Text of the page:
We found a parking space outside the walls (P5 on map below) and walked in to the Marktplatz (Market Square) which is the city centre.  There were tables set up in the square but they were all full.  A couple from Santa Cruz, California said they were just getting ready to leave and we could join them.  We had an excellent lunch - and a cold beer in the hot afternoon.  We stayed in the square until 3:00 pm to see the clock which re-enacts the historic Meistertrunk daily. The Meistertrunk (Master Draught) commemorates the event in 1631 when the walled town was

Rothenburg Marktplatz

under siege from the Imperial forces of Count Tilly.  On a lark, Count Tilly told the city that he would spare them if anyone could drink a tankard containing about six pints of wine in one draught. Mayor Nusch took the challenge successfully, and the city was saved. The clock re-enacts the event hourly from 11 a.m. to 3 p.m. and 8 p.m. to 10 p.m.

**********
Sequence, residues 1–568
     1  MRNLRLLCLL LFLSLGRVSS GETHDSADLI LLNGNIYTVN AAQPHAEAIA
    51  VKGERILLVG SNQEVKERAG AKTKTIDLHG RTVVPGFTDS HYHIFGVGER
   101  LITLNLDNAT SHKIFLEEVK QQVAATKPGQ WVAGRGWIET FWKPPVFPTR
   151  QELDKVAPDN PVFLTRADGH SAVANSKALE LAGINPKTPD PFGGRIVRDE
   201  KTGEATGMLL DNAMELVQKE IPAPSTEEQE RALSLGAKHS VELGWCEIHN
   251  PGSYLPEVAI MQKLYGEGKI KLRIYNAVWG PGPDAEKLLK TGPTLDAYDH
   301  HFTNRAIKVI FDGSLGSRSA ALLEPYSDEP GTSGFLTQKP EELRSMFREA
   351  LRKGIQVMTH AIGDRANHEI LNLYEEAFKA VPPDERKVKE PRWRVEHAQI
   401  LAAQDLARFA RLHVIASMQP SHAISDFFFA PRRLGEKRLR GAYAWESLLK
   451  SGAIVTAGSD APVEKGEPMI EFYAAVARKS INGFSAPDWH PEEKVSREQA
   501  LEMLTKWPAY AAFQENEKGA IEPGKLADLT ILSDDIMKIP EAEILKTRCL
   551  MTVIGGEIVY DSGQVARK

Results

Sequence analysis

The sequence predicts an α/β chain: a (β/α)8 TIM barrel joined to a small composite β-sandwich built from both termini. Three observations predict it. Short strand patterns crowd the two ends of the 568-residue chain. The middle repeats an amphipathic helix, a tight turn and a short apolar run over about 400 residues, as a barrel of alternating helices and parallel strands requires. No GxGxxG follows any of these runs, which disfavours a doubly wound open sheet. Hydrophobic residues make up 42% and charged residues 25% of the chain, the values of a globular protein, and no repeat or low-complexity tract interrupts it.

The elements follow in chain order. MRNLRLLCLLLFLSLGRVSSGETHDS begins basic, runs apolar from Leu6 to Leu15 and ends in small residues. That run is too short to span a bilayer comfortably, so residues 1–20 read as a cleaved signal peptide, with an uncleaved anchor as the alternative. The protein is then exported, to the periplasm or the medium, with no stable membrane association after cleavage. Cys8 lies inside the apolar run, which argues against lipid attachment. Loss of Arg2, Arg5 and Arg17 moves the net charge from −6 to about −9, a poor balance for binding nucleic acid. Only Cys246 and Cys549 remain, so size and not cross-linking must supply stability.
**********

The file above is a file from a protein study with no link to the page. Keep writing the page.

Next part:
Kathryn then went to Kthe Wohlfahrt, a year-round Christmas store which sells expensive Christmas "stuff".  I know this because Kathryn bought a lighted Christmas scene which she had shipped back to Calgary because it was fragile and we didn't have room for it in our luggage.  She wouldn't tell me how much she paid for it but I was home by myself a couple of months later when it arrived in Calgary and the packing slip had the price.  That's how I know there stuff is expensive - but it is really nice, right honey.  They do not allow photos to be taken inside but I snuck the one at left without a flash.